Interview with UK Metal Band Soul Sanctuary

By on March 4, 2013

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HHM: How long have you guys all known each other?

Ed: I’ve known Jay for about twelve years, since the first band we were in together (Headwreck). Mike about eight years, when he joined that band. Everyone else since I joined Soul Sanctuary in 2008 I believe.

Luke: I’ve known everyone apart from Ed pretty much since high school, but since the formation of Soul Sanctuary I’d say we’ve almost become family, at least that’s the way I see it.

 

HHM: Did you all play in bands previously to Soul Sanctuary and how did you end up coming together for SS?

Ed: Yes, I suppose here it’s the band bio lol. The more metal version of Soul Sanctuary started when Mont and Paul asked Luke in. Then Jay and I joined and subsequently Mike was invited by myself and Jay soon after.

Luke: A whole string of bands, all of them sucked. I wasn’t around for the original formation of Soul Sanctuary, but since I joined Mont and Paul, we all kind of just fell into the band one at a time.

 

HHM: How much of a boost does it give you to have the original line up back together again?

Ed: A massive boost! It always was the best line-up, both as individual musicians and the way we all gel when we play.

Luke: I’m 100% agreed with Ed, as I said we are like family. When Paul and Monty left it just wasn’t the same. The spark from our live shows had just gone. So to have them back is very important to us, and we hope it stays that way.

 

HHM: In 2011, you released “Lest We Forget” to benefit the Japanese Earthquake of 2011. That’s a pretty stand up thing to do. Are you guy’s conscience of the world around you and consider yourselves as at least partial activists?

Ed: Activists perhaps not, but sometimes often there are more worthwhile subjects to write about than love all the time and some of that other inconsequential drivel that pop music artists tend to shoot out. 

Luke: I do what I can; I’m probably more “activist” than the other guys in the band. I donate to charity on a regular basis and usually front the ideas like the Japan fund raiser. The rest of the guys are happy to be a part of it though and they help support what we do. I get a real buzz out of trying to do some good in the world. It means a lot to me. I only hope that one day Soul Sanctuary has the pulling power to make a real difference. It’s hard to move mountains at this stage of the game.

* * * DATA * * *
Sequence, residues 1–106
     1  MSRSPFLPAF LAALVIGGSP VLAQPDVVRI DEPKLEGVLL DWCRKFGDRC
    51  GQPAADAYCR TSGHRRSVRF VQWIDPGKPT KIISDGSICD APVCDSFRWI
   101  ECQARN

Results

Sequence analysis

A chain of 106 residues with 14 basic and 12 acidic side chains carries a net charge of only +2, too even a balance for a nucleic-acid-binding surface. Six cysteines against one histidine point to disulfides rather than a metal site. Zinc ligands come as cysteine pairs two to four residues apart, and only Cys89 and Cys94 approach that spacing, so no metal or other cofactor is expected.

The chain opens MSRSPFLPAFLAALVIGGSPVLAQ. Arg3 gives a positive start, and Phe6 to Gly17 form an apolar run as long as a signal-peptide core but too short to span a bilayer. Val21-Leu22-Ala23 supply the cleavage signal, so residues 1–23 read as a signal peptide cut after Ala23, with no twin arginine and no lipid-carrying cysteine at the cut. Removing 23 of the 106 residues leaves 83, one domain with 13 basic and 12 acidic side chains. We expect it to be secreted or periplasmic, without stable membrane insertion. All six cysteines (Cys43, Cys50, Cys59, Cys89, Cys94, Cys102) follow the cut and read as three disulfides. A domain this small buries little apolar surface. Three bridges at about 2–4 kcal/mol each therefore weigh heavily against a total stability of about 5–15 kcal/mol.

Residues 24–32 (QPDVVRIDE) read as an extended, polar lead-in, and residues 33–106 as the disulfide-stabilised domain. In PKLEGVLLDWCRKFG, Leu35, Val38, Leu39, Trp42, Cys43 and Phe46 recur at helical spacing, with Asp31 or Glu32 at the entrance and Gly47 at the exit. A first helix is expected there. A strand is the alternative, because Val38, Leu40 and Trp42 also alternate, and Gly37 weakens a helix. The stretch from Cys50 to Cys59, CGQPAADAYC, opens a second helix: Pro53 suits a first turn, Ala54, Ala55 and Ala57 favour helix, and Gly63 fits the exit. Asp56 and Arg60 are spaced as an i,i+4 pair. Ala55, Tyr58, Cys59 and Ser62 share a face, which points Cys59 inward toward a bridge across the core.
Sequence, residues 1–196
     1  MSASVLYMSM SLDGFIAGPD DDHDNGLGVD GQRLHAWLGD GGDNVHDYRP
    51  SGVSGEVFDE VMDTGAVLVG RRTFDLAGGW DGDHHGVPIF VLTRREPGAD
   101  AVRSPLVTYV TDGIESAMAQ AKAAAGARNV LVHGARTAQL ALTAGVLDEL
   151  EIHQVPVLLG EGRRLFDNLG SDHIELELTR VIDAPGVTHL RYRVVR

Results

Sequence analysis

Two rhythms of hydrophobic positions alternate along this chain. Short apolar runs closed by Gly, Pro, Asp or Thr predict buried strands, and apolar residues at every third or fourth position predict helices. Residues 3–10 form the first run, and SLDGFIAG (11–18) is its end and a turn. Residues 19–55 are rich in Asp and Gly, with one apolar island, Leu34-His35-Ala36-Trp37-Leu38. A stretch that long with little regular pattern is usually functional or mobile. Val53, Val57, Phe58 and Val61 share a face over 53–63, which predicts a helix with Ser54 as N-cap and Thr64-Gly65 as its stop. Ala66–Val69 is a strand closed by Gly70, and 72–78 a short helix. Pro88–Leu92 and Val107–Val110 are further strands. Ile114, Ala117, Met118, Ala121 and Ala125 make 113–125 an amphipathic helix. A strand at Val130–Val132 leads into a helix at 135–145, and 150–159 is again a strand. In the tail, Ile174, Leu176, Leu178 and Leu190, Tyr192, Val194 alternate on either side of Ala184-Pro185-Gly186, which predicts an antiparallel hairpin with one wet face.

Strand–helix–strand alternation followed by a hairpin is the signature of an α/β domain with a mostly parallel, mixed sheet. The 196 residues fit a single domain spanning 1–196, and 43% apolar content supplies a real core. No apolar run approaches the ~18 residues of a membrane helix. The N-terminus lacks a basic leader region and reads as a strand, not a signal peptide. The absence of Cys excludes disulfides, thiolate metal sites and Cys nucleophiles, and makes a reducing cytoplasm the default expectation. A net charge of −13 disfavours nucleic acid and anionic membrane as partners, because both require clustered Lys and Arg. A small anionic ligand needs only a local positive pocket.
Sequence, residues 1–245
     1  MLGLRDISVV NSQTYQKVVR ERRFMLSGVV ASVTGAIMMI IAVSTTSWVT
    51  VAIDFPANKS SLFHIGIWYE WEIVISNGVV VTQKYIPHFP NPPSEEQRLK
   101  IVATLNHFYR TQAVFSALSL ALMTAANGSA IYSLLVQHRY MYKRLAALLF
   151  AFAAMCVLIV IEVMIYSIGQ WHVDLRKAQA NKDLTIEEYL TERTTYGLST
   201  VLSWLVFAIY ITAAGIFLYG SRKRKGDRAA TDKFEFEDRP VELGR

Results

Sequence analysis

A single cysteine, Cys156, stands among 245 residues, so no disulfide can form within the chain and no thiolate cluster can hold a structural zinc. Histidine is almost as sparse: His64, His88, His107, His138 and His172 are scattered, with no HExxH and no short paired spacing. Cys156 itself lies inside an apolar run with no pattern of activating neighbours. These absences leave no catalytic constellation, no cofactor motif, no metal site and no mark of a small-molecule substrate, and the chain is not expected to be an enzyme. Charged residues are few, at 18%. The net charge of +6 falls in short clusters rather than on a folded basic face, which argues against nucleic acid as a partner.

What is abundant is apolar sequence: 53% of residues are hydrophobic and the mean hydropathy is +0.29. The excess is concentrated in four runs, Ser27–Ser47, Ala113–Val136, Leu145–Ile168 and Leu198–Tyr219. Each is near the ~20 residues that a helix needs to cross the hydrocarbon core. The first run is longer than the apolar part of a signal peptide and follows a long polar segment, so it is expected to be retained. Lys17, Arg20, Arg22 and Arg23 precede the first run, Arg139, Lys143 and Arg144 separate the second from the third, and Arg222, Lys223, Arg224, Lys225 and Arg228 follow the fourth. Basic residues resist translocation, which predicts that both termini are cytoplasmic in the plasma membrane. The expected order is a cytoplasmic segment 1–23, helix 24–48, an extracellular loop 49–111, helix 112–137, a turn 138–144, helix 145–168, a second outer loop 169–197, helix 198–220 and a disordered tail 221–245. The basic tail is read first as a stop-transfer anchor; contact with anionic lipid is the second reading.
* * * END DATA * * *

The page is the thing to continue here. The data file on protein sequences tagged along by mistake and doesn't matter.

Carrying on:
HHM: What are some of the worldly issues that you feel are worth attention and action?

Luke: The issue that I’m most concerned about currently is the world economy; the people in charge seem to be cashing in before the business goes bust, so to speak. The whole world of politics needs to be rethought.

I’m also fairly environmentally conscious. I don’t believe the planet needs saving or some crap like that. The fact is I’m worried about our own asses. The planet will be fine after a couple of million years without us. I’m worried about the world that my son is going to grow up in; I want the world he grows up in to be one he can be proud of, where the world’s beauty isn’t some long lost memory on a postcard. I’m not dumb enough to believe if I do my small part, by putting all the recycling in the right bins and making sure every little thing that can be recycled, is. Because while it’s a nice thought, it’s too idealistic, unless a significant portion of people on this planet live like that it just doesn’t make a dent in the real issues. I had a flat mate who used to insist every wall socket and appliance in the house should be turned off if not in use. Even the 1 watt LED light on the cooker. You can’t expect people to live like that. I’m much more inclined to deal with the bigger issues in a way people will actually adopt on a large scale.